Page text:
know more about the audience before
he speaks to them.
A live Studio Audience
Practicing stories in front of her friends
helped Emily Ballance, CSP, MEd,
become much more animated by bringing her lightheartedness to the stage.
She learned to
practice in front
of a mirror so
that she could
deal with the
aspects of her
stories without becoming overly emo-
tional. She uses positive humor, practi-
cal information and dry wit that
appeals to diverse audiences.
Early in her career, she was sometimes the one who cried on stage, and
that was too much. She wanted to draw
emotion, but not lose her own composure. Yet, Ballance also has a lot of
humor in her presentations, and she
makes it a point to watch Comedy Central as a learning tool. Watching the
actors on Comedy Central do their
work, she notes their styles and studies
their stage skills.
Ballance rehearses her presentations
while she’s by herself in the car—and
not just on her way to the presenta-
tion, but any time she’s alone in her
car. In addition, she records herself
and listens for words that don’t go
together, or words that don’t sound
right when she pronounces them,
and reworks them.
Scharenbroich said that for the first
10 years of his speaking career he prac-
ticed in front of mirrors and reviewed
videos of his previous presentations.
Now he knows how he wants to get his
main ideas across, and knows his stories
so well that he decides in the moment
in front of an audience how he will
transition from one story to the next.
As for me, I’m not the mirror kind. I
walk and talk my presentations through
in my great room. Because my pro-
grams sometime contain state and fed-
eral compliance citations, I’ll practice
timing using PowerPoint®, rehearsing
my stories and using all parts of the
stage. My audience, Max and Kamille,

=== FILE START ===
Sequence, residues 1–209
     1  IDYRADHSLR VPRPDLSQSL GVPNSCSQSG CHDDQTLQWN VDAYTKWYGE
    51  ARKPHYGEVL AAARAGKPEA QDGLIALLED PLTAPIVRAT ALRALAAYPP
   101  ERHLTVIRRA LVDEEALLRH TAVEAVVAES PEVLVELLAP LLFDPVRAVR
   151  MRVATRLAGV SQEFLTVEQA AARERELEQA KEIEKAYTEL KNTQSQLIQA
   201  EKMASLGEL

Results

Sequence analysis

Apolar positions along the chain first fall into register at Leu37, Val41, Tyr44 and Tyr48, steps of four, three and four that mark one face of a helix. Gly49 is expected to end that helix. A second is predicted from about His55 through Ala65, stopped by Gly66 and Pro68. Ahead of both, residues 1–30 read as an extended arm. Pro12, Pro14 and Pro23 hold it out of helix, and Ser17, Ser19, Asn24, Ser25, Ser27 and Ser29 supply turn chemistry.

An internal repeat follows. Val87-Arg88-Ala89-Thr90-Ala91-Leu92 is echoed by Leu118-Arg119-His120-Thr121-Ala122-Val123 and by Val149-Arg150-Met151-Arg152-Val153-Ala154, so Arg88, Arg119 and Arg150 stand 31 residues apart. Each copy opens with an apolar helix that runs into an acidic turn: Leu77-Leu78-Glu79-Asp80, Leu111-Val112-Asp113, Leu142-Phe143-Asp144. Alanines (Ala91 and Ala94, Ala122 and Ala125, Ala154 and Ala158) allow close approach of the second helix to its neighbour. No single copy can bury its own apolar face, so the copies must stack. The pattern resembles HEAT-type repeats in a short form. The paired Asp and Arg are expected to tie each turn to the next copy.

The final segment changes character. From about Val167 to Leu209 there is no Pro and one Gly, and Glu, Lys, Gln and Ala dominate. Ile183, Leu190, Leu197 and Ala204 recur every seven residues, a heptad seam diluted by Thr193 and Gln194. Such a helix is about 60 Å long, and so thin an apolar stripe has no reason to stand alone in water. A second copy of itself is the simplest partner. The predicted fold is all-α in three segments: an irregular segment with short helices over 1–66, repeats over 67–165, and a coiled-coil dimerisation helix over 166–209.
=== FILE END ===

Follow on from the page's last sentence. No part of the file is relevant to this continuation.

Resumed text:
patiently listen to every word. (And
they’ll wag their tails—a sure sign I’m
on the right track.)
With rehearsal tips from so many
accomplished speakers, I hope you’re
on the right track, too.
Stephanie Angelo devoted the last 16 years
as a subject matter expert in domestic
violence’s effects on the workplace. She
is also a Mastermind group facilitator; like
an architect for business, she helps entrepreneurs and solopreneurs grow and build
their own enterprises. See what’s up at
emily ballance, csP, med, rehearses her presentation
while she’s by herself in the car—and not just
on the way to the presentation, but any time
she’s alone in her car.
1Sense A “sense” pause is like a comma in writing, but it’s used twice as much.
2transition The “transition” pause is like a period in writing. It separates one
thought from another.
3emphasis Different from the “transition” pause, the “emphasis” pause separates one
key point from another. It can change rhythm
and speech patterns for added variety.
4reflective This pause gives your listeners a moment to think about what you’ve just
said and process their thoughts. You may wish
to allow more time than with “sense” and
5Sensory The “sensory” pause allows your audience to feel a sensation you’ve
described, or to picture a scene, such as, “The
air was so icy cold as it whipped his face, he
felt the burn in his eyes.”
6Spontaneous Pausing spontaneously will change up the way your words are
delivered. It’s helpful if you give the same
speech over and over.
7Dramatic With a “dramatic” pause, you can build anticipation for what
you’ll say next. When audience members
anxiously anticipate your next words, they
become spellbound by your story. This pause
may last a few seconds.
8effect The “effect” pause is intended to build anticipation, but it’s only lasts
a second or two.
9give up Control This is useful in trainings or
Q &A. Answer an attendee’s
question and then stop.
Let the audience take over
and start a discussion.
of the PauSe
here are nine ways to pause and make
your presentation more effective.